Burnam, a US citizen, has lived in Nosara for almost 15 years and claims, he raised his family in this place and feels part of the local community. Although it is rare for him to see the people in a silence never seen before, he says he is grateful to experience the pandemic in this place.
“I think we are all happy to have faced the virus in a city like this,” a community where people can go out to their yards and continue living nature from home.
That, plus the measures that the central government has taken in the face of the crisis, means that real estate prices in Nosara are maintained, and interest in them has even increased.
Burnam says that although it has lost some businesses, Surfing Nosara is receiving calls from foreigners interested in investing or living in the community after the pandemic.
If before Nosara was already seen as a paradise, that vision of security that the government gave increased it more,” he says.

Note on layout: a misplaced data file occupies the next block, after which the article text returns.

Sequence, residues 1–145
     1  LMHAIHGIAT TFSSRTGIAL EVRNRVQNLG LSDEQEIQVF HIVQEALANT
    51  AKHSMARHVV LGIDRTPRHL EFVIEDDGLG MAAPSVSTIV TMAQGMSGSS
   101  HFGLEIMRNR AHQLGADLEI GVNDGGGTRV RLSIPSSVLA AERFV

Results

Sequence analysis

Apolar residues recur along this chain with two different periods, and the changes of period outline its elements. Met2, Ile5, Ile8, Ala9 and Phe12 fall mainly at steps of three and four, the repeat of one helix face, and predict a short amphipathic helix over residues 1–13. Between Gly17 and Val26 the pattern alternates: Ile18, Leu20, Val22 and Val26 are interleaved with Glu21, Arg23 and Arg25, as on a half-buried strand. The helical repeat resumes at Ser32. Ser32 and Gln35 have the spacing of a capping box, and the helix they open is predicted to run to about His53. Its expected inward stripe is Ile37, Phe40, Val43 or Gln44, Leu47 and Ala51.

All of these plans may fall apart depending on whether Costa Rica opens the borders in about three months. If not, you will have to redesign the company’s budget, reducing operating and payroll expenses.
The Nosara Civic Association (NCA) depends on this as well. The crisis began in March, the month in which all its members must pay their annuities with the organization. Two months later, most have not deposited, says the association’s project coordinator, Francisco Jiménez.
The NCA, says Jiménez, depends entirely on the donations of its members, and if they stop coming completely “it would be a disaster.” The organization is in charge of recycling projects within the already closed Nosara garbage dump and recently supported the call center department of the Food Center. For now, they will rely on voluntary donations and will participate in different scholarships and international projects.
Nosara is a community with a thousand faces, and there is no universal concept that can summarize it. Daniel Salas insists on saying that this will not end soon, but the nosareños speak from the nostalgia of what was taken from them and the hope of what they will be again.
Both Lucy Ramírez and Rich Burman say that after the COVID-19 ends, the first thing they will do is go to the beach. But for now, time will continue to stand still for a few weeks or even months.